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Typical construction methods of an aircraft fuselage, 1: framework with fabric covering, 2: framework with metal paneling, 3: monocoque , 4: half-shell construction
Framework of a Piper PA-18 without fabric covering
Fuselage of a Boeing 747 in half-shell construction with an aluminum outer skin, curved ribs and longitudinal stringers

The fuselage is a main assembly of an aircraft . It combines all other components of an aircraft, such as structural and tail , the nose landing gear and - if it is not appropriate under the wings - the main landing gear. The fuselage contains the cockpit and the space for passengers and payload . Usually there is also ventilation and air conditioning technology, lubricant tanks and some of the fuel tanks in the fuselage.


The aircraft fuselage is manufactured in various external shapes. This form also depends on the intended use. Cargo aircraft without a pressurized cabin often have a more rectangular cross-section because of the better loading options. Passenger planes usually have a pressurized cabin . The air pressure in the cabin (internal pressure) is higher than that of the atmosphere at cruising altitude (external pressure). The hull must withstand a pressure difference of up to 0.7 bar . A round or oval cross-section has a better distribution of the overpressure forces than an angular one; this is one reason passenger aircraft developers choose one.

Since the fuselage contributes significantly to the overall air resistance of an aircraft, an aerodynamic shape is important for it. The transition from the aircraft fuselage to the wing , especially the wings , is called the fuselage-surface transition . Its shape influences the aerodynamic quality of an aircraft.


So far, the supporting structure of small aircraft has been provided with an outer skin. Here, too, the state of the art is the complete hull as a monocoque , i.e. H. as a supporting shell.

In the early years of aviation, aircraft fuselages consisted primarily of wooden or tubular frames as a supporting structure, which were covered with cloth. As the airspeed and the strength requirements increased, the hulls were later planked with metal, but the supporting structure was still preserved. In June 1918, the Dornier works , the Dornier-Zeppelin DI, designed an aircraft fuselage in half-shell construction to save weight and increase strength for the first time . The fuselage skin is included as a force-absorbing element; it is reinforced by shaping ribs in cross-section and lengthways by stringers . Modern passenger planes are also built in this way. Special reinforcements must be added for windows and doors.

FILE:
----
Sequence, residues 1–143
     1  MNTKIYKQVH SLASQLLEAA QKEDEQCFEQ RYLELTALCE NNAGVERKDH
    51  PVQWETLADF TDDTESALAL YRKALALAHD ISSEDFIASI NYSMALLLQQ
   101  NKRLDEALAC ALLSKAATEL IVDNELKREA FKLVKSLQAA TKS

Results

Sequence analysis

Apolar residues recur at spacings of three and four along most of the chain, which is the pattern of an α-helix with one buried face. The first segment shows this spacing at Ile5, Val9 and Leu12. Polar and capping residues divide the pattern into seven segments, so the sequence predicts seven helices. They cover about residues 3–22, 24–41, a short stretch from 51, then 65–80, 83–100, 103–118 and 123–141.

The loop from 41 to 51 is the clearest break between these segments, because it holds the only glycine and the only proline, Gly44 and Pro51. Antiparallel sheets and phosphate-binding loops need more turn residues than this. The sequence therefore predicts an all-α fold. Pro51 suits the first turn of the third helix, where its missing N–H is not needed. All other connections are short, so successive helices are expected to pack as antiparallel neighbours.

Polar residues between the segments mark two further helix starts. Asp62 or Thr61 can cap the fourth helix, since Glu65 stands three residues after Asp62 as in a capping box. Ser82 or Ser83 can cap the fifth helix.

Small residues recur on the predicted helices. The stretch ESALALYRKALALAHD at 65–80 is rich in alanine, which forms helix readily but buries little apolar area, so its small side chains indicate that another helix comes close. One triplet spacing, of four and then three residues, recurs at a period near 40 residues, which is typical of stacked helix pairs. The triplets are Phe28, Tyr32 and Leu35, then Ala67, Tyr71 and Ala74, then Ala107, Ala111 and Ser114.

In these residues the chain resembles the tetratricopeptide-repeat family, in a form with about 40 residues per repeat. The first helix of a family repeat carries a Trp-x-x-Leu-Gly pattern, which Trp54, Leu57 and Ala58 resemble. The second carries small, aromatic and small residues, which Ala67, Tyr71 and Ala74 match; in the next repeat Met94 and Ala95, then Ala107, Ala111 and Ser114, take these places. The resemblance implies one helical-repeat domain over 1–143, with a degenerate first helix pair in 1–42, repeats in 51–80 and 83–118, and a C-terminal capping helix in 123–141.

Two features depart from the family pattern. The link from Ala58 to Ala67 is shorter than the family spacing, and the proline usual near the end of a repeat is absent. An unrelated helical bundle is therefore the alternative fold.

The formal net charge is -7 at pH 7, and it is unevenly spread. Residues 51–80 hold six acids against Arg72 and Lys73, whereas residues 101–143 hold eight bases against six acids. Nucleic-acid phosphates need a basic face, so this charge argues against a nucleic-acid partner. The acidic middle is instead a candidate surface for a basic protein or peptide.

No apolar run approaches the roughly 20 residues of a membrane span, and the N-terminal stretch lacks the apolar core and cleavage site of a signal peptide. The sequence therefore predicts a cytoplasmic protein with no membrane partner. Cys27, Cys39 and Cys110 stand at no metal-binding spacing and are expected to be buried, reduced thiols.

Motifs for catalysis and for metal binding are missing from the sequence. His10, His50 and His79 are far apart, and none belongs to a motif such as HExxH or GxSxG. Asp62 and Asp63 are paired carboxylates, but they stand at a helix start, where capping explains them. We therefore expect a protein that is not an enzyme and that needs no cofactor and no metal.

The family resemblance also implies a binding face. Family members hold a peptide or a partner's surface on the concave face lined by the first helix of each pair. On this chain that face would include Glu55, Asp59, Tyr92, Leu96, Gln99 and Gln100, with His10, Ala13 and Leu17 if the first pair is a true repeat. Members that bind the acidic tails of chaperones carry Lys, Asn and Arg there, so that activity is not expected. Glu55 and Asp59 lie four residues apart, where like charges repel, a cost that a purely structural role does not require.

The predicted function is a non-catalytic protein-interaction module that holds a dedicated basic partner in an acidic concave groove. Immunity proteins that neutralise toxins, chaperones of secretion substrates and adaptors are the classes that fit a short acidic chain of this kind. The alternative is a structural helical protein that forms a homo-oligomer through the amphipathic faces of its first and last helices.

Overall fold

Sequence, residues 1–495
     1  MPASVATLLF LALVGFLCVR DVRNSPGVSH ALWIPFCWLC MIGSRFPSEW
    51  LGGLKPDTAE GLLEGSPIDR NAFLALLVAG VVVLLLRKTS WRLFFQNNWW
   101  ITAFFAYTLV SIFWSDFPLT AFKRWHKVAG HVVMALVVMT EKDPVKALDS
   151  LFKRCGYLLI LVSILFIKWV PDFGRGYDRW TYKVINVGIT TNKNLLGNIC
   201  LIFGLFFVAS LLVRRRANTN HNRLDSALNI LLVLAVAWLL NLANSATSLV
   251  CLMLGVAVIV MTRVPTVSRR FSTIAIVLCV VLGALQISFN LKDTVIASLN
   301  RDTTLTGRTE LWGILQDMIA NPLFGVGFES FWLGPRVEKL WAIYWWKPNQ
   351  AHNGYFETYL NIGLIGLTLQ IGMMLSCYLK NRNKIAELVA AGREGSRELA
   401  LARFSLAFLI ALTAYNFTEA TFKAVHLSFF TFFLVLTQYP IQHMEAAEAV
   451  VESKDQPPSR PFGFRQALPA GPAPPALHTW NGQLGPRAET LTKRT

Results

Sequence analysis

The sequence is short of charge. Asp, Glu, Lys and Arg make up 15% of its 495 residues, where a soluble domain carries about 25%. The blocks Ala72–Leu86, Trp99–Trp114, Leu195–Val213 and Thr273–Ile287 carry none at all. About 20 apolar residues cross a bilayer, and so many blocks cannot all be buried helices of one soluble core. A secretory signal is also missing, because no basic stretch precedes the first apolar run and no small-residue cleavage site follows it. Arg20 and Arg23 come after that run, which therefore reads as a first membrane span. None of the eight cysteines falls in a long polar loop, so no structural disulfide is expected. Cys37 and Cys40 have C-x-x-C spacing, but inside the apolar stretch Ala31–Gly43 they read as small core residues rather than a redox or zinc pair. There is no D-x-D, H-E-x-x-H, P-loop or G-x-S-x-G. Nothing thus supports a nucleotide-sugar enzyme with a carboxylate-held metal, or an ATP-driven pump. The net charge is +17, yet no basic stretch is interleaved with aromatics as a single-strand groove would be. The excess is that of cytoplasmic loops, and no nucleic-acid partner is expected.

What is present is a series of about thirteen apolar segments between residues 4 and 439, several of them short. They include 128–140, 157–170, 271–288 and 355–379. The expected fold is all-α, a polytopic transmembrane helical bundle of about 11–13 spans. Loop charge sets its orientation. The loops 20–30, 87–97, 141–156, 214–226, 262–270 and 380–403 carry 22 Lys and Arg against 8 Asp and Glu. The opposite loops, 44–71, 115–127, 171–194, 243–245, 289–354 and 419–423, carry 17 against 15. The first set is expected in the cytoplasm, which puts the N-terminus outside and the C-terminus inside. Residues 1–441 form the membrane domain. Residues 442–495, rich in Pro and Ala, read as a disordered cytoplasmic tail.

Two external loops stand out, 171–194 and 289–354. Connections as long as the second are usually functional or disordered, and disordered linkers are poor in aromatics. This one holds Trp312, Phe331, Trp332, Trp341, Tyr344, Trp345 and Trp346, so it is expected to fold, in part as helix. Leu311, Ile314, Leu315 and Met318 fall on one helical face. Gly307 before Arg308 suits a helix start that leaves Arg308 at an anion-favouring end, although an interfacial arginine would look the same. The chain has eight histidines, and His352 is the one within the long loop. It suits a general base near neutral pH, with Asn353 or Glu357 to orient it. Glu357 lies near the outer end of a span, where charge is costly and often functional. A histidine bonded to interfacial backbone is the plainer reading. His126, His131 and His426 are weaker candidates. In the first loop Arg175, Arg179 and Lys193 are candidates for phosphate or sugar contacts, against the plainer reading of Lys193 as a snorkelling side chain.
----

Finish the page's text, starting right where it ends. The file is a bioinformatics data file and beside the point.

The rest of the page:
The trend has been towards lighter materials for a long time . In addition to aluminum, newly developed aluminum-lithium alloys and fiber composite materials as well as combinations thereof ( glass fiber reinforced aluminum ) are used. Their advantage lies in their high integrability and lightweight construction potential . The main joining process is still riveting . Other methods are gluing and laser welding .

Variable length

A stretching (lengthening) and shortening of the aircraft fuselage of a basic version is planned from the outset when redesigning and developing commercial aircraft in order to be able to offer different transport capacities. Examples are the Airbus A340 family and Boeing 737 and the Airbus A318 , Airbus A319 and Airbus A321 based on the Airbus A320 . The wings and drives are also economically coordinated here.

Number of hulls

  • Flying wings essentially manage without a fuselage.
  • The rule are airplanes with a central and longitudinally oriented fuselage, the altitude of which can be partially above or completely below the wing. ( Double and multiple Decker would be considered separately. This did not consider hydrofoils have the body well above the wing.)
  • Few types of war aircraft in World War II had two fuselages, each of which had an integrated engine. E.g. North American F-82 .
    • If a particularly large payload, such as B. the Space Shuttle or SpaceShipOne , mounted piggyback over an aircraft fuselage, aerodynamically similar to a second fuselage.
  • The concept of The Roc from Stratolaunch Systems has 2 fuselages next to each other, on the one hand to take up the payload in the middle (like a third fuselage) and on the other hand to distribute the dead weight more evenly over the particularly large wingspan of the wing.
  • Depending on how you look at it, the Lockheed XP-58 Chain Lightning can be viewed as 1-, 2- or 3-hulled, as can the Blohm & Voss BV 138 flying boat .
  • There is at least one type of multiply connectable model electric glider. In 2017 a five-fuselage combination flew in Tyrol.


  • Adolf Beck (Hrsg.): Magnesium and its alloys. Springer Verlag Berlin Heidelberg, Berlin Heidelberg 2001, ISBN 978-3-642-62582-4 .
  • Horst Kossira: Basics of lightweight construction. Springer Verlag Berlin Heidelberg, Berlin Heidelberg 2001, ISBN 978-3-642-64846-5 .

Web links

Commons : Airplane fuselage  - collection of pictures, videos and audio files
Wiktionary: airplane fuselage  - explanations of meanings, word origins, synonyms, translations

Individual evidence

  1. GREAT SHOW with LOOPING A 5 added RADIAN to ONE HUGE RADIAN and controlled by 4 x PILOTS very nice Modellpilot.EU, youtube.com, upload August 15, 2017, accessed August 22, 2017. - Video (9:04 am).